How to Effectively Interview Candidates

See past generic responses and learn how to get the most out of the interview process

 At Caliper we often find ourselves carrying out profile tests on wholly unsuitable job applicants. This is a waste of our clients’ time and money. In this third section of our ten part series we discuss how to ensure that every candidate who reaches the end stages of the recruitment process is a realistic prospect.

An interview acts as a brief insight into the capability of a candidate. Often their skill at making a first impression overshadows any understanding you might gather about their suitability for the position in question.

There are numerous training courses and literature outlining in detail how to act within an interview, but all this ephemera does not make them a valuable long-term investment for your time and money. Learn how to see past the canned responses and eager theatrics and identify who would be the best fit for your organisation.

 ‘THE INTERVIEW IS AN ENGAGEMENT PROCESS’

The key to identifying an ideal applicant lies in structuring the hiring process with precision; the interview is a final stage, and every candidate should be a viable contender. This means that after creating the right job ad, and knowing how to read a resume, the interview is a process of accountable comparison and detailed investigation. It is essentially a science, meaning gut instincts should play no role at all when assessing skill suitability.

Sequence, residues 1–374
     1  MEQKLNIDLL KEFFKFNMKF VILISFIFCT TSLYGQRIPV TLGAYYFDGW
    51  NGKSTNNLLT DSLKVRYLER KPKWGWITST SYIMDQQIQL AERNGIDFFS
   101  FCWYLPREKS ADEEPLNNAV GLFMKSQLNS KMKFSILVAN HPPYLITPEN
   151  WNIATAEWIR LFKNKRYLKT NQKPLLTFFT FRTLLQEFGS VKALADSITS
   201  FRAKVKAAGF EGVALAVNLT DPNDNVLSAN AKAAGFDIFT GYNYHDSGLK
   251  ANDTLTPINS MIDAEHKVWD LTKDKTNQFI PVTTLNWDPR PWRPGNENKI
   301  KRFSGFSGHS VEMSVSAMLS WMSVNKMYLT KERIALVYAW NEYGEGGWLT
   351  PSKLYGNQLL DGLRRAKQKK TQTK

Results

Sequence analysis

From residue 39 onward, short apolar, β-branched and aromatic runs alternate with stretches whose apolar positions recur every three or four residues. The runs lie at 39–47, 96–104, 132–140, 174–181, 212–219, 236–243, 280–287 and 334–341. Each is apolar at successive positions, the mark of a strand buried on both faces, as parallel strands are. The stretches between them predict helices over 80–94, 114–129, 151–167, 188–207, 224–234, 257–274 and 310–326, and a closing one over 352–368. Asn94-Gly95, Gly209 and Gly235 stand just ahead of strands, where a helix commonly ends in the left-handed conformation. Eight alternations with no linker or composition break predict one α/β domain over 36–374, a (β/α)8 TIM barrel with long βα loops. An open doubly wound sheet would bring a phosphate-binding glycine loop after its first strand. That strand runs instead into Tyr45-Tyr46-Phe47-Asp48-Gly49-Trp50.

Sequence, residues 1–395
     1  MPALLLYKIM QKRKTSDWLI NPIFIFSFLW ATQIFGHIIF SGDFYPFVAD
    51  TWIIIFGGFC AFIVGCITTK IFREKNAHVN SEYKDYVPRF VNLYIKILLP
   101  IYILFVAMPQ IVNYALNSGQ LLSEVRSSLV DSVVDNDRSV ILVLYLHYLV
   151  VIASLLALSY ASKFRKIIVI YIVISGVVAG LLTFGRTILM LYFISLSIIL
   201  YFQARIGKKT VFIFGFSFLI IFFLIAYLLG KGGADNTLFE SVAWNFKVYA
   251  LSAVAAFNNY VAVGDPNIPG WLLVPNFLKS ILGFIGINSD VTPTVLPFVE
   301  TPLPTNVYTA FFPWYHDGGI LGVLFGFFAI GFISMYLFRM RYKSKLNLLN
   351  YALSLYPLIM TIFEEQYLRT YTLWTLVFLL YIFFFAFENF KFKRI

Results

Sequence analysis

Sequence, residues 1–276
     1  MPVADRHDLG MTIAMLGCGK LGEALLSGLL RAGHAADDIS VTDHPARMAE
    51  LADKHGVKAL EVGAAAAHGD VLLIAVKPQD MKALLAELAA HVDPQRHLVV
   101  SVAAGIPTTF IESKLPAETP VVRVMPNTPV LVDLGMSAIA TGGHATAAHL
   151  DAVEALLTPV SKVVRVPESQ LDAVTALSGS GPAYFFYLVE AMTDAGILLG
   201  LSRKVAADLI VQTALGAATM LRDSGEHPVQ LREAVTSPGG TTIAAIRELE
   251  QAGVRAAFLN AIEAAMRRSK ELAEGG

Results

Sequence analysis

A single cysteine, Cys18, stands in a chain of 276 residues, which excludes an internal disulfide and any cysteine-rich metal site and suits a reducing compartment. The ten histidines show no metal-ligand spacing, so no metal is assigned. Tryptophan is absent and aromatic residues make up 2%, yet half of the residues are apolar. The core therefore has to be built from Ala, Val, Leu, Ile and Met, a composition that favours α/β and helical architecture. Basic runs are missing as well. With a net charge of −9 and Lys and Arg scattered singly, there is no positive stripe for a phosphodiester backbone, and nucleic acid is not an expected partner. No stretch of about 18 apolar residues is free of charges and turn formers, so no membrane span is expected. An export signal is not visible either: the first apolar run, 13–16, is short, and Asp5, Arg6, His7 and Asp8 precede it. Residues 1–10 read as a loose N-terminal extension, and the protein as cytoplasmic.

Use the research you have carried out on the key position competencies to create a set of specific questions that elicit example-driven responses. These should be asked of every candidate, making cross comparison easier. Ensure you are familiar with the applicant’s resume and any other relevant documentation. Remember, you are not just interviewing them; they are interviewing you. If the ideal candidate thinks you do not see them as an individual, they may not accept the position.

Lastly, be thorough. Listen closely to their answers, consider them objectively and try not to hear what you want to hear.

Recruitment is a time consuming process and a manager is not looking for an individual who can be enthusiastic for an hour, but a team member who will match company culture and contribute to the success of an organisation. If the interview process is effective, then the Caliper testing tool acts a means to help you choose between a range of truly viable candidates. Which is a comfortable position for a hiring manager to be in.